The Catholic Controversy: A Defense of the FaithAuthor: St. Francis de Sales
Publisher: TAN Books
Publication Date: 1986-01-01
Between 1594 and 1598, a preacher named Francois converted 72,000 Protestants to the Catholic Faith. These are his words.
One of the most remarkable and well-documented events in Catholic history began when a young priest, St. Francis de Sales, volunteered to re-evangelize the Calvinists of the Chablais.
Finding his preaching forcefully rejected, St. Francis de Sales shrewdly switched tactics and began a written apologetics campaign, posting pamphlets on walls and slipping them beneath doors under the cover of night.
His defense of the Faith was so clear and thorough that at the end of four years nearly the entire population of 72,000 had returned to the Catholic Faith!
These powerful little tracts are as relevant today as they were in the late 1500s. St. Francis de Sales draws support from Scripture, the Fathers and Doctors of the Church to address questions still frequently posed by modern Protestants.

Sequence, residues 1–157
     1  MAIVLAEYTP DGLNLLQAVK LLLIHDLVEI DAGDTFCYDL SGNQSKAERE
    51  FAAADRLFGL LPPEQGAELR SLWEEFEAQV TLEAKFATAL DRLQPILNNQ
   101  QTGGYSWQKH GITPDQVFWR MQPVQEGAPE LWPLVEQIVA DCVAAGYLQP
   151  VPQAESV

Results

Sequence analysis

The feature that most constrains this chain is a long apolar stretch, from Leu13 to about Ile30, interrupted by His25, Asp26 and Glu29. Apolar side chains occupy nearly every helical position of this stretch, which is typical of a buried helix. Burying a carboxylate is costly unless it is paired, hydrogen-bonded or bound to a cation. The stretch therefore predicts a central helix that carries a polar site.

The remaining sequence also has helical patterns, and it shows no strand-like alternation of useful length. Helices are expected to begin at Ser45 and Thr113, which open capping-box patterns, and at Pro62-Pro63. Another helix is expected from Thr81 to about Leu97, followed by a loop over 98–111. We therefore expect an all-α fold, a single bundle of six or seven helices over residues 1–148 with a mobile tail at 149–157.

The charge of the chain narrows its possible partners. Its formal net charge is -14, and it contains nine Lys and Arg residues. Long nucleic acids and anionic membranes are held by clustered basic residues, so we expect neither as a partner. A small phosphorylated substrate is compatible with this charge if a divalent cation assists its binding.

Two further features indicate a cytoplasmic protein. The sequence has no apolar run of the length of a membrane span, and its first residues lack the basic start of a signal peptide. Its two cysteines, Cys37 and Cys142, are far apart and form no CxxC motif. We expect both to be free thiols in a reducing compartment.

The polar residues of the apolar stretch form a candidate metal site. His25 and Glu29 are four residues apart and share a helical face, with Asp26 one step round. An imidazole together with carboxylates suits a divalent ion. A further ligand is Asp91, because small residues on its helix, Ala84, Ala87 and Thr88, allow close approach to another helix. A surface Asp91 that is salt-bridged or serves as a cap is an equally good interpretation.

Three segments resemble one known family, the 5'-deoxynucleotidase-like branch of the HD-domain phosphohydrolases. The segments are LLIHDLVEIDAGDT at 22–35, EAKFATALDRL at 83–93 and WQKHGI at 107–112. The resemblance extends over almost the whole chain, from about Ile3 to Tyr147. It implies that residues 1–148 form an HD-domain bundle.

Revered as some of the most cogent arguments against Protestantism ever penned; they present a defense of the Catholic Faith that has never been equaled.
Now with beautiful new cover, easier to read size, updated typesetting, and the original content. 320 pps PB
St. Francis de Sales was one of the most effective Catholic apologists and evangelists of the past five centuries. Undoubtedly, he is the most effective apologist to Protestant Calvinists who has ever lived.
Steve Wood (Family Life Center International)
St. Francis de Sales is a doctor of the Roman Catholic Church, who was active in the struggle against Calvinism and co-founded the order of Visitation Nuns. He is known also for his writings on the topic of spiritual direction and spiritual formation, particularly the Introduction to the Devout Life and the Treatise on the Love of God. In addition to his spiritual works, his writings include controversies against Calvinists, letters, sermons, and documents on diocesan administration.